Update: Clyde Haberman has responded that my report is a “falsehood.” I have filled out the beginning of his quote from my tape recording so as to make his meaning more evident. You can listen to the clip below. Click here for the entire recording.
Clyde Haberman is a long time former New York Times reporter, now 73, who still does a column for the newspaper. Last night he moderated a panel on Jews in politics at the Center for Jewish History in New York and casually smeared three Democratic congressional candidates as possible anti-Semites.
Haberman brought up “growing anti-Semitism” in the U.S. and then said:
From which side, or is it both sides to be simplistic about left and right, should one worry? Trump is now calling himself a nationalist… History shows that nationalism is usually bad for the Jews. And we had the Charlottesville march, of course, last year, and “Jews will not replace us” was the chant. On the other hand, on the left we’ve seen the rise of Democratic candidates like here in New York City, Alexandria Ocasio-Cortez for Congress, we’ve had Ilhan Omar in Minneapolis, also running for Congress, ditto Rashida Tlaib in Detroit – at the least people who’ve been considered hostile toward Israel and maybe in that case toward Jews in general.
No one defended the three congressional candidates from the charge, though there were two liberal Zionists on the panel, Rabbi Jill Jacobs of T’ruah, the human rights organization, and Halie Sofier of the Jewish Democratic Council of America. Sofier said that the three candidates hold “views on Israel my organization has publicly denounced.” Jeff Jacoby, a columnist for the Boston Globe and the conservative member of the panel, affirmed that the candidates were “hostile” toward Israel.
There is no evidence in the public record that the three candidates are hostile to Jews, though all have been critical of Israel. Rashida Tlaib, a Muslim and Palestinian-American, has supported a one-state outcome with equal rights for everyone in Israel and Palestine. For that reason, J Street withdrew its endorsement of her.
Ilhan Omar, also a Muslim, has called Israel an “apartheid regime” and in 2012 tweeted, “Israel has hypnotized the world, may Allah awaken the people and help them see the evil doings of Israel.” Lately she assured a Twin Cities synagogue audience, per a report in TC Jewfolk, that she does not support the boycott campaign against Israel because it “stops the dialogue” and “It is going to be important for us to recognize Israel’s place in the Middle East and the Jewish people’s rightful place within that region.” She also said, “It’s true anti-Semitism is alive and well. I look forward to joining with the Jewish community in allyship to fight bigotry that is fostering in the community so we are stronger together. With unity, we have the strength to push back.”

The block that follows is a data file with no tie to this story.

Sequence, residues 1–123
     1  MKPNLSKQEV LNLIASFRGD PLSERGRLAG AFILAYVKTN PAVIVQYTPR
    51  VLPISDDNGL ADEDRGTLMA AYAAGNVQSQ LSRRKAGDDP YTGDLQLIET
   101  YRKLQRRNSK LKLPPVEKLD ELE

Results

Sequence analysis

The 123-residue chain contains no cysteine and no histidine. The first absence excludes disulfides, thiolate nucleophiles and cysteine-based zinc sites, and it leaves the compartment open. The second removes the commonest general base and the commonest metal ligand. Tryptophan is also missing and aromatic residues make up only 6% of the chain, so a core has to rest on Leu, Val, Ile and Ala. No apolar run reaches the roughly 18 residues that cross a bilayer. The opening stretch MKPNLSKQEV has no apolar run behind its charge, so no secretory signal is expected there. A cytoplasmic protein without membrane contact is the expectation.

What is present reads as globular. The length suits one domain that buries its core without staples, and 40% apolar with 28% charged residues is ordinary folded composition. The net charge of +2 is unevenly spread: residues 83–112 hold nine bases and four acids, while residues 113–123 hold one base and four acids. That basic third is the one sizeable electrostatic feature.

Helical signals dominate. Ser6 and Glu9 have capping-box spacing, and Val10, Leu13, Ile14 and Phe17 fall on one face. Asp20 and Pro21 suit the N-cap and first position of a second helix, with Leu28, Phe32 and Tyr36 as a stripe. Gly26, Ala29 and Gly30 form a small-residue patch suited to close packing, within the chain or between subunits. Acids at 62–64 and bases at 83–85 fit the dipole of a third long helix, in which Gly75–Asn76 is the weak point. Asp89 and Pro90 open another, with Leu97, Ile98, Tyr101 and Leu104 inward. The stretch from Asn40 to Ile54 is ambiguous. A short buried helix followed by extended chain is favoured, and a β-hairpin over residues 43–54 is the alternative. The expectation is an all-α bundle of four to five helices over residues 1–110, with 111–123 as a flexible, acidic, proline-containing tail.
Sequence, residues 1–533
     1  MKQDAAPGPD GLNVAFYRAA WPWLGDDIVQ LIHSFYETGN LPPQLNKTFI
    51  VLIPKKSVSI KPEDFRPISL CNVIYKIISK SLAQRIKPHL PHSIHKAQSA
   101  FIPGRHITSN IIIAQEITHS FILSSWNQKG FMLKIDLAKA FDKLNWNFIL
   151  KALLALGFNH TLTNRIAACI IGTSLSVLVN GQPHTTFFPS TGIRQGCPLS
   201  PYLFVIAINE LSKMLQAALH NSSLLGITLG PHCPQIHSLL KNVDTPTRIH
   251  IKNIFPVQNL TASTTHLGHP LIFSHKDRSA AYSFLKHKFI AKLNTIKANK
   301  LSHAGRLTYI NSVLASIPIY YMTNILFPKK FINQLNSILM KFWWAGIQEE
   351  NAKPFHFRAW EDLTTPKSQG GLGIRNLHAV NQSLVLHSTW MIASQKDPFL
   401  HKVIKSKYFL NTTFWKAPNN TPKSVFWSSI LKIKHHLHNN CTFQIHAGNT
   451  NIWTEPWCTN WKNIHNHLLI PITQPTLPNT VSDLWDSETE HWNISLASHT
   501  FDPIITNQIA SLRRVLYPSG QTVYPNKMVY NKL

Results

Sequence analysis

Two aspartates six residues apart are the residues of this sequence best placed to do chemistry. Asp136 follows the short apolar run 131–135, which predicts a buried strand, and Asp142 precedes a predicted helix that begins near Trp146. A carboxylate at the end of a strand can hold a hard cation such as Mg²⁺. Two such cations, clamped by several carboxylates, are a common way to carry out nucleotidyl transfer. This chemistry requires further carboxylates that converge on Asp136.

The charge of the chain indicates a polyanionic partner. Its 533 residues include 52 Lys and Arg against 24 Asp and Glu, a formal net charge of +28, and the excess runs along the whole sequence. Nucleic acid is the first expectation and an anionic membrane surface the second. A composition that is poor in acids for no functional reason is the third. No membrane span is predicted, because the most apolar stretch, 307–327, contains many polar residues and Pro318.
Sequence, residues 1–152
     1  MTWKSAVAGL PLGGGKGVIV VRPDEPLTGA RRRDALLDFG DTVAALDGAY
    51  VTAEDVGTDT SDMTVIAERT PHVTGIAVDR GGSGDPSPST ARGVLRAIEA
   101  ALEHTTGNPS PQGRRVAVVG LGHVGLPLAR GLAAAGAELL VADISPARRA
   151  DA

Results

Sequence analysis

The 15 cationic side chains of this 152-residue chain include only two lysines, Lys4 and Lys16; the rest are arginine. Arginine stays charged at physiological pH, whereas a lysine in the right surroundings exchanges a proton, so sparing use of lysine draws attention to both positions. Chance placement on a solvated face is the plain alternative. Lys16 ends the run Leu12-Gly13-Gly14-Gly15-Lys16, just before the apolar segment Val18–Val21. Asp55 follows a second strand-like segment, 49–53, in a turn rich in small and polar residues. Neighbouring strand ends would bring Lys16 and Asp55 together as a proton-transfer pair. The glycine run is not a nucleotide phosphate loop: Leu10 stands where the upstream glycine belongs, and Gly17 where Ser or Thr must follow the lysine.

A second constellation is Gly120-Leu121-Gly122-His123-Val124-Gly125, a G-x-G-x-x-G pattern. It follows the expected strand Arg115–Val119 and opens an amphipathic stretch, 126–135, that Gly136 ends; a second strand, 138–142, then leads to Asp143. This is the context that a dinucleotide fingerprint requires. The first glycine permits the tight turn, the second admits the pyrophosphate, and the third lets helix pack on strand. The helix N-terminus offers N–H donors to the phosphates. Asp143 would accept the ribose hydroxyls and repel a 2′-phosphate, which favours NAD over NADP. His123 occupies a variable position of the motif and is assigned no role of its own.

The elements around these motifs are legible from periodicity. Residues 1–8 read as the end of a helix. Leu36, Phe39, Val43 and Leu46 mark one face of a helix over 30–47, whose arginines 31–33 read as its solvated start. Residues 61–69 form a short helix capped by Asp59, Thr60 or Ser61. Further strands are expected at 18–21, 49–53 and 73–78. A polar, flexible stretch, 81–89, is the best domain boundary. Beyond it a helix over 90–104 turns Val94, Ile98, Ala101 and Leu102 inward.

Alexandria Ocasio-Cortez called Israel’s killings of 60 unarmed protesters on the Gaza border in May a “massacre,” but has hedged her criticisms of Israel since winning the primary election in a shocker last June. She has said she’s a firm believer in the two-state solution and said she needs to “learn and evolve” on the issues involving Israel, even seemed to back away from the word occupation: “I may not use the right words.”
Also last night, Jeff Jacoby described Jewish Voice for Peace and Students for Justice in Palestine as “anti-semitic” organizations.
Anti-semitism on many college campuses is terrible, and it’s worse than it’s been certainly in my lifetime. When you have professors who are refusing to write letters of recommendation for their students because the student wants to go to a program in Israel, when you have pro Israel student groups that have their signs torn up and their displays knocked over by Jewish Voices for Peace or Students for Justice in Palestine or any of these other anti-semitic organizations, it’s outrageous.
Julian Zelizer, a Princeton history professor, pushed back against Jacoby saying that it was important to have criticism of Israel on campuses, and not all such criticism is anti-Semitic. “My fear is that we freeze healthy debate on campus,” Zelizer said, but he did not defend JVP or SJP specifically.
I’m a member of Jewish Voice for Peace and find that claim absurd. I’ve covered countless SJP events and have seen that its chapters are dedicated to distinguishing anti-Zionism from anti-Semitism and the national body condemns bigotry of all forms (though I can think of one instance in which an SJP chapter published an anti-Semitic image).
P.S. Jacoby dominated the panel to a rude degree, telling journalistic war stories and family history stories ad nauseam (though in fairness the story of his father’s escape from the Holocaust was riveting), to the point that toward the end of the panel some audience members began to protest his taking the microphone. They like me wanted to hear more from the women panelists, who were so polite that they didn’t get much of a chance to speak. Haberman should have exerted more control.